FX First Generation Exotics

A term used widely, but never and nowhere clearly defined. Today let me explain some approaches to classify and define this famous set of derivatives contracts.

For the sake of example we consider EUR/USD – the most liquidly traded currency pair in the foreign exchange market. Internationally active market participants are always subject to changing foreign exchange rates. To hedge this exposure an immense variety of derivatives transactions are traded worldwide. Besides vanilla (European style put and call) options, the so-called first generation exotics have become standard derivative instruments.


The term first generation exotic does not refer to a clearly defined set of derivatives contracts, especially not in a legal sense. However, it is universally agreed that Foreign Exchange Transactions (spot and forward contracts) and vanilla options are not in the set. It is also universally agreed that flip-flop-kiko-tarns and correlation swaps are not in the set either. We can then classify first generation exotics by:

  • Time of Introduction: Here we consider the history and the time when certain contracts first traded.
  • Existence of Standardized Deal Confirmations: We would classify a transaction as first generation exotic if there exists a standardized deal confirmation template, such as the ones provided by ISDA.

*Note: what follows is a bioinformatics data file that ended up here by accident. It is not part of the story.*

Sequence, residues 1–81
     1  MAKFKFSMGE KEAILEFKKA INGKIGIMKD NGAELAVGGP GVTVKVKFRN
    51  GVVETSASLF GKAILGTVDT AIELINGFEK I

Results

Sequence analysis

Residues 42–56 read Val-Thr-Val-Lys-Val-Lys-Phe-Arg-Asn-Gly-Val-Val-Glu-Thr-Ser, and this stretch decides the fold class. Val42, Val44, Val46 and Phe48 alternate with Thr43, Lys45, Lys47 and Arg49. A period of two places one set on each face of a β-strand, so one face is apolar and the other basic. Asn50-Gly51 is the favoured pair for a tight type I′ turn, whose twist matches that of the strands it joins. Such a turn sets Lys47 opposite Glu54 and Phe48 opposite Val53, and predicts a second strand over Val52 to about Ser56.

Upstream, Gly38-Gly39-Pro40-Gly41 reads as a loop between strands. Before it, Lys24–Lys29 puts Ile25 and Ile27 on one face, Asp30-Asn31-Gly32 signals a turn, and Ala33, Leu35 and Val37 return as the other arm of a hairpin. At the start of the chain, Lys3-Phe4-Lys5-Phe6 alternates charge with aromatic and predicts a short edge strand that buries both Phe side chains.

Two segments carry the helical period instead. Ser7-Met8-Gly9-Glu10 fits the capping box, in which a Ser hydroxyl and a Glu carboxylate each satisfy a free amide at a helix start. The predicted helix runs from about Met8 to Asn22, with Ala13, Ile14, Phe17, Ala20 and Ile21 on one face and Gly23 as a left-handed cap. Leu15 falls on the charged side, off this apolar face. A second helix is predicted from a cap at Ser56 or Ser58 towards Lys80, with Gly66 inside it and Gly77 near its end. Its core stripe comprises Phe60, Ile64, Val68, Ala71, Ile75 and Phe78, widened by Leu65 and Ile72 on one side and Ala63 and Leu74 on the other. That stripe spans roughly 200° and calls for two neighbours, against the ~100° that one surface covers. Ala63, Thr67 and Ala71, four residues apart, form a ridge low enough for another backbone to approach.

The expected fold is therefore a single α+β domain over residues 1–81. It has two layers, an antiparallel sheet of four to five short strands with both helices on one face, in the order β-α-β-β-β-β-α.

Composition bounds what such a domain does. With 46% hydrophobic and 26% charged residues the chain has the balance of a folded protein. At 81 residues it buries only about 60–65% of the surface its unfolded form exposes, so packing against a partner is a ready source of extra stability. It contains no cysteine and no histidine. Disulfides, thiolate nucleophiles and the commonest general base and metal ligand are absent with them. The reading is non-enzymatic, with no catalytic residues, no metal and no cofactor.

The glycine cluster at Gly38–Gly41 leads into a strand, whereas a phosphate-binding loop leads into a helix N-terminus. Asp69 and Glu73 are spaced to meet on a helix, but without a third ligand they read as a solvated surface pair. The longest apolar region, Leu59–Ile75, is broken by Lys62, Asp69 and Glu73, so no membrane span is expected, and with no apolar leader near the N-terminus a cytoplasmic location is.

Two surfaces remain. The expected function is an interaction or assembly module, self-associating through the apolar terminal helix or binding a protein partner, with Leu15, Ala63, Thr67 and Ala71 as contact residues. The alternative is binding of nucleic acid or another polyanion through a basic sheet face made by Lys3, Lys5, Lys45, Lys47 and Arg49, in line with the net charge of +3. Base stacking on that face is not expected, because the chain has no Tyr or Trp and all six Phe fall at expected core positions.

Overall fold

• Replicability: We would classify a transaction as first generation exotic if it can be statically or semi-statically replicated or approximated by spot, forward and vanilla option contracts.
  • Trading Volume: We would classify a transaction as first generation exotic, if its trading volume is sufficiently high (and the transaction is not a spot, forward or vanilla option).


There can also be other approaches to classify first generation exotics. I would like to point out that a first generation exotic does not necessarily need to be a currency option. For example, a flexi forward can be considered a first generation exotic in terms of both timing and standardization, but is clearly not an option. A variance swap can be considered a first generation exotic in terms of both standardization and replicability, but is clearly not an option, because there is no right to exercise. Classification by trading volume would change the set of first generation exotics over time and is consequently not suitable for classification purposes. The various classifications would generate overlaps as well as differences. One could certainly argue to label barrier options as first generation exotic, because they would satisfy all of the above: timing, standardization, replicability and volume. For Asian options, the timing criterion would make them first generation as they started trading in Tokyo in 1987, but there is — even in 2017 — no standardized deal confirmation provided by ISDA. Power options satisfy timing and replicability, but not standardization or trading volume.